Forty-five names will appear on Calgarians' ballots when they head to the polls, and those names aren't of the individuals running for city council or in the mayoral race — they are the people running to be trustees of the area's school boards.
While voter turnout for municipal elections is notoriously low when compared to the federal and provincial ones, turnout is lower still for trustee elections, despite the ballots being cast in the same place at the same time.
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For example, nearly 39,000 votes were cast for city councillors in wards 1 and 2 in the 2013 election. But for the school trustee position representing those same wards in both the public and separate school boards, not quite 34,000 ballots were cast.
That means roughly 5,000 voters in that one district turned down the chance to cast a ballot for trustee positions in that election despite having showed up to the poll.
A 'washed out' contest
"I know for voters, city council is already pretty hard in terms of finding the kind of information people need to cast – what some would consider to be an informed ballot — and I think school board is harder," Melanee Thomas, an associate professor of political science at the University of Calgary, told CBC News.
"It gets washed out in the context of the council and the mayoral races. And so, in finding information about the candidates, voters have to work really hard to go and get that information."
Thomas admitted that even she, a politics buff, neglected to vote in trustee elections when she was younger. So, she can see where voters are coming from.
"I would imagine some voters would even forget they have the ability to vote in a school board election."
Former trustee trumpets importance of position
Amber Stewart is an outgoing trustee for the Calgary Board of Education and says she holds the role in as much esteem as the day she took the office.
Stewart says the trustees delegate much of the detail-oriented work to CBE staff but that the trustees govern the values through which all other decisions are made.
While busing is an issue that's raised the ire of parents this year, Stewart points to two other concrete issues trustees have been dealing closely with in their last term: new school construction and gay/straight alliances.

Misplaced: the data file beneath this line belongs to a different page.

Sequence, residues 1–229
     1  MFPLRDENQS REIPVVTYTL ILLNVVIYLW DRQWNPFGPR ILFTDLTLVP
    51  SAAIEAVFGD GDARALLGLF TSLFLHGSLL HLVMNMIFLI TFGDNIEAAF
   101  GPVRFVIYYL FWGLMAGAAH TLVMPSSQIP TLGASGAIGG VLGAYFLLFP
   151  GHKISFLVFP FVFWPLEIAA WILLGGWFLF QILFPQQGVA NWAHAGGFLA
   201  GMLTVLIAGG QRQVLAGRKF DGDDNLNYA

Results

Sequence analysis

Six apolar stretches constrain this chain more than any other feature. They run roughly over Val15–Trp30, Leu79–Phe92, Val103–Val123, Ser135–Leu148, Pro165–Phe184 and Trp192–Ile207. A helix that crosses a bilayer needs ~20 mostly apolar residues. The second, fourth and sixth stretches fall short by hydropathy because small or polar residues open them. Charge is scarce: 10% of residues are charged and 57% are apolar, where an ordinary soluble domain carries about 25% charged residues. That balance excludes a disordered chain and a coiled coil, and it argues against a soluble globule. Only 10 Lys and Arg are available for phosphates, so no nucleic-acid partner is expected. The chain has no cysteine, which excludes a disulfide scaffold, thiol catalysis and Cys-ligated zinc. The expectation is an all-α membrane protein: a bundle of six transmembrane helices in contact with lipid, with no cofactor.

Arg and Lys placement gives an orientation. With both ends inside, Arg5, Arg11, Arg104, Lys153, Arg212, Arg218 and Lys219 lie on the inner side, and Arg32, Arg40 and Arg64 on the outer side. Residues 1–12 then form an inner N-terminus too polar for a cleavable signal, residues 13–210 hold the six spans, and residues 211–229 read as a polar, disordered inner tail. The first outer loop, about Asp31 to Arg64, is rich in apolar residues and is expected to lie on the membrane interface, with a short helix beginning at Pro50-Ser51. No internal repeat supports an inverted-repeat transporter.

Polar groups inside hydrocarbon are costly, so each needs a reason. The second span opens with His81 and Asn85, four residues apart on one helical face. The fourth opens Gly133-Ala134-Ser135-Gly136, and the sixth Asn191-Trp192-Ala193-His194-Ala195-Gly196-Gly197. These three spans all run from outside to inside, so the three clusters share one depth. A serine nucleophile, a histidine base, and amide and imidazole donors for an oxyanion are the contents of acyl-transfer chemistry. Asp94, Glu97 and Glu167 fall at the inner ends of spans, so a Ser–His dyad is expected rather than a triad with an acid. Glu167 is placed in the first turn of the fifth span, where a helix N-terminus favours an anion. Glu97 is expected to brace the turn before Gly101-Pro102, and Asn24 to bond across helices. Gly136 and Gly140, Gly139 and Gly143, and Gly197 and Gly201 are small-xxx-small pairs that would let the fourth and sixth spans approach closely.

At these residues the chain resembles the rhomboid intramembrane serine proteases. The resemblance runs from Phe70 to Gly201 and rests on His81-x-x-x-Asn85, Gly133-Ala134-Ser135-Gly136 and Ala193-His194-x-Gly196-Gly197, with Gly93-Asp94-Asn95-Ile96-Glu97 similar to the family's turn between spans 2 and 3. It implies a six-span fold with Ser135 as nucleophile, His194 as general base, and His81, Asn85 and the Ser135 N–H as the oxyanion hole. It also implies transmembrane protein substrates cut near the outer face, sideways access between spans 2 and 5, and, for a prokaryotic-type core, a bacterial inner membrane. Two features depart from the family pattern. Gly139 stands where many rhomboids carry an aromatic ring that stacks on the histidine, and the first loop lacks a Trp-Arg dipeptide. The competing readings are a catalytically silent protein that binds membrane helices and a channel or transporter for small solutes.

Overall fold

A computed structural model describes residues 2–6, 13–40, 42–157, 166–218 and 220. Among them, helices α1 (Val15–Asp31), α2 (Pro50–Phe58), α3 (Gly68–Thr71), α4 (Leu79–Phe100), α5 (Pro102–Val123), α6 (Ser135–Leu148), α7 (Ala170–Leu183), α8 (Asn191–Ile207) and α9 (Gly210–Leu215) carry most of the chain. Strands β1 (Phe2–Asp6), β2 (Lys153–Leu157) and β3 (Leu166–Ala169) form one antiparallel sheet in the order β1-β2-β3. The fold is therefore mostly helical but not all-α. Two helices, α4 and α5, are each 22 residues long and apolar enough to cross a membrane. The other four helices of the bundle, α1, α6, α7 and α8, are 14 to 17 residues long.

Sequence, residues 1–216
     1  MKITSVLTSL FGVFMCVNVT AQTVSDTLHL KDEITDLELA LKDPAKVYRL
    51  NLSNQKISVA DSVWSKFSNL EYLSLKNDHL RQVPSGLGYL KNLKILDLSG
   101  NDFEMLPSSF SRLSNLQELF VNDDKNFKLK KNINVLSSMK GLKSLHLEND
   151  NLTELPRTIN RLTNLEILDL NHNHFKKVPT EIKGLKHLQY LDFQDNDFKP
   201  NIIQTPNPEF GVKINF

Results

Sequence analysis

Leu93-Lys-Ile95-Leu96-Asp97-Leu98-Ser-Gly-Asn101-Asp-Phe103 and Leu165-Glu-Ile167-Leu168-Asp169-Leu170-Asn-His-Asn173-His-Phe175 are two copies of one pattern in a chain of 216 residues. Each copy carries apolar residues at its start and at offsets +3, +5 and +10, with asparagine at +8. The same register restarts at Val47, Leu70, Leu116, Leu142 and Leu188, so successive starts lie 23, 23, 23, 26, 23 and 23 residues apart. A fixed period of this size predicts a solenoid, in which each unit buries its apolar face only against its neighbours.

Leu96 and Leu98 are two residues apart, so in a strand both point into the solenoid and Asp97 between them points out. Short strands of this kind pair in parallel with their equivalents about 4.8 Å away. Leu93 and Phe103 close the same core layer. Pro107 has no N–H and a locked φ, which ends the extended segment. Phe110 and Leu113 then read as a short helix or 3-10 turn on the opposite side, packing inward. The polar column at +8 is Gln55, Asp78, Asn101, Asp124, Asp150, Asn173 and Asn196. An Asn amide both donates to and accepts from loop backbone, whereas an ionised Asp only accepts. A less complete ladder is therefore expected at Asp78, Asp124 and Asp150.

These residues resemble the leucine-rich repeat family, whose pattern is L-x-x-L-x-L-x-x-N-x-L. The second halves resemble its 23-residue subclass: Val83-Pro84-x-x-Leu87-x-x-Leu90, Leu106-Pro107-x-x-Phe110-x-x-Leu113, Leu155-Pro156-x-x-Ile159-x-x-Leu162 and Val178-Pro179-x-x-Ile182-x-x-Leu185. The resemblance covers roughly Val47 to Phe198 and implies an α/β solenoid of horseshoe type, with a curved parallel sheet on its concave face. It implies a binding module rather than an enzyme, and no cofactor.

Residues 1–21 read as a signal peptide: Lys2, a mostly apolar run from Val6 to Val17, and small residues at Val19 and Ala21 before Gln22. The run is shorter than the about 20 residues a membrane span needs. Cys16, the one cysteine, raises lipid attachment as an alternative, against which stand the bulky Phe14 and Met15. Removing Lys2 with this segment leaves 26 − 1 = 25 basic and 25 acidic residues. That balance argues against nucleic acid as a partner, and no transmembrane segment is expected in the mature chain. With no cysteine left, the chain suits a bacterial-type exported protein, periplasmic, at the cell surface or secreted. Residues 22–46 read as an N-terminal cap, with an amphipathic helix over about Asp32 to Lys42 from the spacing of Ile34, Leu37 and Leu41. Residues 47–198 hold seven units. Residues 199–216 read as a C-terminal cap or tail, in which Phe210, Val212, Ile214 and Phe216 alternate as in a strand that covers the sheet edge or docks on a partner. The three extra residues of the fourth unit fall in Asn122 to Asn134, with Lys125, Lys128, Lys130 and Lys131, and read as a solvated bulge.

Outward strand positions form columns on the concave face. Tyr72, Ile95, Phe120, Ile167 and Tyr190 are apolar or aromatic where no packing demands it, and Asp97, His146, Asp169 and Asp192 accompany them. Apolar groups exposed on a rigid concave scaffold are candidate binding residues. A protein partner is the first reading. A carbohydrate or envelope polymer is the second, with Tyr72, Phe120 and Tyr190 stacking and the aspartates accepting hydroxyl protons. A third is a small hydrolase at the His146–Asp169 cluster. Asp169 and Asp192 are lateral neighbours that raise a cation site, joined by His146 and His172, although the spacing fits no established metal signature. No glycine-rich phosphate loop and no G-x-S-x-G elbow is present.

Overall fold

GSAs were a topic that sparked the most debate at a forum held for three of the jurisdictions on Tuesday. The group split 6-4 among candidates who said they thought parents should automatically be told their children joined an alliance group, versus those who didn't.
"We see across the province, there is a wide variety of ways in which school boards have interpreted the legislation and have implemented it in their school boards. That's a reflection of the community and that reflection comes through trustees," Stewart said.
Oddities in 2017 election
In this particular election, a group of five candidates has formed a slate — a political party of sorts — to help voters understand that those candidates stand together on particular ideas.
This is an interesting tactic to encourage voters, and to try to address the difficulty of finding information, Thomas says.
She adds she's surprised to see lawn signs in the trustee races, something she doesn't recall having seen much of in the past.
"There appear to be some heavily resourced school board campaigns. Even the sign campaign is something that well outpaces what I would expect to see at this particular level. ... I think there's something going on there. We'll see how that shakes out," Thomas said.
There are 45 candidates for various school board trustee positions. For the public board, there are a dozen candidates running to represent the ward 5/10 seat — a district that has an incumbent.
Of seven trustees sitting on the public board, only three are seeking reelection. Stewart said she's confident the trustees won't be at a disadvantage because of the loss of institutional knowledge.
Some candidates have drawn public scorn for views they hold, but since these will be the people who set the values for the entire board of education, Stewart says voters need to know who they're voting for, and what they stand for.